The Epic 2017 Project #285: 171012
Tony Sarno – It’s a blues thing (2007)
Debut album from American blues guitarist/singer/songwriter based in Nashville, Tennessee.
“I Ain’t Superstitious” is a song written by bluesman Willie Dixon and first recorded by Howlin’ Wolf in 1961. It recounts various superstitions, including that of a black cat crossing the pathway. The song has been recorded by a number of artists over the years including Jeff Beck, Cry of Love (Epic #42) and here, Tony Sarno.
The Epic 2017 Project #284: 171011
Eric Sardinas – Devil’s Train (2007)
Eric Sardinas (born November 10, 1970) is an American blues-rock slide guitarist born in Fort Lauderdale, Florida. He is noted for his use of the electric resonator guitar and his live performances.
Eric began to play the guitar at age six and leaned toward vintage recordings by such Delta bluesmen as Charlie Patton, Bukka White, Big Bill Broonzy, Elmore James, and Muddy Waters. Although he was left-handed, he eventually started to play right-handed.
In 2002, he was featured on the Bo Diddley tribute album Hey Bo Diddley – A Tribute!, performing the song “Ride On Josephine”.
He signed to Steve Vai’s Favored Nations record label and was the opening act for Vai’s The Real Illusions Tour 2005 around the world. Devil’s Train is his second studio album.
The Epic 2017 Project #197: 170716
Anders Osborne – American Patchwork (2010)
Grammy-award winning guitarist/singer/songwriter Anders Osborne blends blues, rock and roll and New Orleans funk and R&B to create a distinctive genre-bending style that has captivated music fans and fellow performers alike. He wrote “Watch The Wind Blow By,” a No.1, million-selling country hit for Tim McGraw and two tracks on bluesman Keb’ Mo’s Grammy-winning album Slow Down. American Patchwork is an intensely soulful album, ranging from gentle ballads to burning rockers, including some truly amazing guitar playing. Galactic’s Stanton Moore and Corrosion of Conformity’s Pepper Keenan guest.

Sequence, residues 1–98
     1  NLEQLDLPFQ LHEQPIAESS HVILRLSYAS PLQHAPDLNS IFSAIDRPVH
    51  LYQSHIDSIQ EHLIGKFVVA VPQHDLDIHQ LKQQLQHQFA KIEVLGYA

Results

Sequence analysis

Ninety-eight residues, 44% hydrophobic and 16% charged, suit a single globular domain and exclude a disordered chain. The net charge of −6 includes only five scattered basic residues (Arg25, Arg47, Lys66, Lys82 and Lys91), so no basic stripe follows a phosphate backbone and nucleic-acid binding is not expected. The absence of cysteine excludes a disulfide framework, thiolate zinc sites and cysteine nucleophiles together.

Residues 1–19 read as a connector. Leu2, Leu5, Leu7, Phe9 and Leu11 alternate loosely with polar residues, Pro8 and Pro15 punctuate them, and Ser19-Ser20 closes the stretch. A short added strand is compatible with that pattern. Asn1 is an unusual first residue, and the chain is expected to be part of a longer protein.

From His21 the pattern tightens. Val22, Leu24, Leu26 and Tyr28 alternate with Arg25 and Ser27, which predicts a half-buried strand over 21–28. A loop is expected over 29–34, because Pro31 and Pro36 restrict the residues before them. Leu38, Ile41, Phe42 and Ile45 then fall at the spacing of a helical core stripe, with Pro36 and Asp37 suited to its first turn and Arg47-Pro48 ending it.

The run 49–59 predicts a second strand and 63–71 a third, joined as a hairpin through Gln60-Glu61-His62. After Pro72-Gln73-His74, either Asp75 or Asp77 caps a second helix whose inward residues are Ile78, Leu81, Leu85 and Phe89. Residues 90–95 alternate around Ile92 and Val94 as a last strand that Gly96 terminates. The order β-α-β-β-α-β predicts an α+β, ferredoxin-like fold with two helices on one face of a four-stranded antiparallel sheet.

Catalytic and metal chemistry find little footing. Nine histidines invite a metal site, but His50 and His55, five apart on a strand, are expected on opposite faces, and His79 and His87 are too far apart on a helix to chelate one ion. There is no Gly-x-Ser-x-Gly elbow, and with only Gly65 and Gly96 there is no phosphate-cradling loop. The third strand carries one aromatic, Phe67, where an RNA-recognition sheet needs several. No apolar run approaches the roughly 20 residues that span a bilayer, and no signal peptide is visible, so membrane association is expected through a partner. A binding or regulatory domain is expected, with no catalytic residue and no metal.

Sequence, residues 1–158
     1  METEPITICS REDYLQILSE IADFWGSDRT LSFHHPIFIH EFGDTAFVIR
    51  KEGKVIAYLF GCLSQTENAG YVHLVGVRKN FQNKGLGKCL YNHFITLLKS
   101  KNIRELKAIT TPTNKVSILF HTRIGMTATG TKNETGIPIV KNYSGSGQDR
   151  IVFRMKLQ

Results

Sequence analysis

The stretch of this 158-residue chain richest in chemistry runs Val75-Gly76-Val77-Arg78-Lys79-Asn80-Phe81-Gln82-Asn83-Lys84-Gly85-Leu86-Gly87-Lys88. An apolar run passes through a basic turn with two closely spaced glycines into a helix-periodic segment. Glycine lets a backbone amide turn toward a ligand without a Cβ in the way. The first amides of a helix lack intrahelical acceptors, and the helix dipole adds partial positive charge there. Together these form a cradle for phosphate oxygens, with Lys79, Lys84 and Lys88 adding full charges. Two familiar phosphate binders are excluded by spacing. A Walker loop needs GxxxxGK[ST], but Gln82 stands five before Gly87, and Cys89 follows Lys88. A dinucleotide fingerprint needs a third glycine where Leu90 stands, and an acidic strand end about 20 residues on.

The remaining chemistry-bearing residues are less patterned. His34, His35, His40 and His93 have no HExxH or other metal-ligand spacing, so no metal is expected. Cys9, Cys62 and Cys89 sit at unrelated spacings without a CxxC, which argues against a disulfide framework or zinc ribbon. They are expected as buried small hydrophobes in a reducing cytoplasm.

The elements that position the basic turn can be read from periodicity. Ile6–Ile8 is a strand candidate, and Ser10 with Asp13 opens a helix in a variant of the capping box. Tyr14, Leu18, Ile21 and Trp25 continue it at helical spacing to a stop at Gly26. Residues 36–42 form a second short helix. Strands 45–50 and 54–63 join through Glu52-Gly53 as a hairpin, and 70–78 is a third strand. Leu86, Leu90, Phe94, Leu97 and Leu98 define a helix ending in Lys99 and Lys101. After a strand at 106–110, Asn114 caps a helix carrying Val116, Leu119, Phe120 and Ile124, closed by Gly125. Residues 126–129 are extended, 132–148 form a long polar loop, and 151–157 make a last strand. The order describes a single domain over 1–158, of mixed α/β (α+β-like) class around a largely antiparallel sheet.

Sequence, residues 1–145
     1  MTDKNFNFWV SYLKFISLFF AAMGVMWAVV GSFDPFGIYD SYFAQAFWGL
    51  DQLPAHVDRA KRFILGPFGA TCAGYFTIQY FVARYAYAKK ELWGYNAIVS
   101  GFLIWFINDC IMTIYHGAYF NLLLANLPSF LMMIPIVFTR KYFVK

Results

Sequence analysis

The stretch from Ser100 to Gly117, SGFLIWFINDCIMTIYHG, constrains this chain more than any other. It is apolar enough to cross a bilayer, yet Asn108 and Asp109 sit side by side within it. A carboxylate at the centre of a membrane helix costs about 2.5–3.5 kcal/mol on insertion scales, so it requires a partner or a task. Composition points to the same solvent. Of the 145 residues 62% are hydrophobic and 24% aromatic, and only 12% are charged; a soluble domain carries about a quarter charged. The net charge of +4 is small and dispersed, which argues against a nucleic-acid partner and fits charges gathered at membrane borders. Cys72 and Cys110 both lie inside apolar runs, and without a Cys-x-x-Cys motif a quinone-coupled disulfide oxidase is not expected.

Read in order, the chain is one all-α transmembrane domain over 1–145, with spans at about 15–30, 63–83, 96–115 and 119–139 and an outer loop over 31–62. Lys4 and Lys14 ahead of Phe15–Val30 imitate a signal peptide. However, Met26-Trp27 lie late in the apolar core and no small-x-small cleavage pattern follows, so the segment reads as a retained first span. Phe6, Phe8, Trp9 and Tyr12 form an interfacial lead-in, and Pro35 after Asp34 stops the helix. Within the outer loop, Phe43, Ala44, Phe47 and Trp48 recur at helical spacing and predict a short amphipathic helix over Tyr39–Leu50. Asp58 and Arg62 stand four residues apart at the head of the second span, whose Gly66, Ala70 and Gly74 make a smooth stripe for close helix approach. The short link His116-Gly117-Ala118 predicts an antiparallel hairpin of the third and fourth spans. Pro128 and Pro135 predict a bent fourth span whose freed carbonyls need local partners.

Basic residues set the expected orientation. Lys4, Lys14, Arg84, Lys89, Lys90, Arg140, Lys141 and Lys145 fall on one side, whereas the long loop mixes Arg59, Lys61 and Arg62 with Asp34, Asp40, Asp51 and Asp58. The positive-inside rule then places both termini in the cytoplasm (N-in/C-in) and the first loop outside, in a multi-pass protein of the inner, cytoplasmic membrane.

The Epic 2017 Project #193: 170712
Omar – Blues Bag (1991)
Omar Kent Dykes (born Kent Dykes, 1950, McComb, Mississippi, United States) is an American blues guitarist and singer, living in Austin, Texas. In 1973 he formed the band, Omar & the Howlers. The band plays electric Texas blues, rock and roll and blues-rock. Dykes has also had a successful career as a solo artist, and regularly toured European countries.
Among his solo albums are Blues Bag from 1991, and Muddy Springs Road from 1994
The Epic 2017 Project #185: 170704
Nine Below Zero – Sub Zero (2013)
Album number five from the South London post-punk blues gurus released in 1991.
And here they are performing the Old Grey Whistle Test theme – on ‘The Old Grey Whistle Test’; best music programme the UK ever produced.
The Epic 2017 Project #173: 170622
John Mayall – The Blues Alone (1967)
The Blues Alone is a 1967 electric blues album recorded by John Mayall on which he recorded all the parts himself, with the exception of percussion which was provided by longtime collaborator Keef Hartley.
The cover art and the original LP sleeve design are by John Mayall. Sleeve notes, including track notes, were written by noted DJ John Peel. And this is what he said about the album’s concept…
I was featuring his LP A Hard Road on the air and was amazed that, in addition to writing 8 of the 12 numbers on the record, playing 5 [sic] and 9 string guitar, organ, piano, harmonica and singing, he had written the sleeve notes and painted the portrait of the group on the front cover. With this new LP he has carried all of this to its logical conclusion and has produced a record featuring no other musician than himself except for the occasional aid of his drummer Keef Hartley.
The Epic 2017 Project #165: 170614
Love Sculpture – Blues Helping (1968)
Love Sculpture were a Welsh blues rock band of the late 1960s, led by Dave Edmunds , plus bassist John David and drummer Rob ‘Congo’ Jones, their debut album ‘Blues Helping’ was released on Parlophone Records in December 1968
Based in Cardiff, Love Sculpture disbanded in 1970, although Edmunds went on to enjoy solo success in the 1970s. Here’s the rather excellent final track (and name-giver) of the debut album.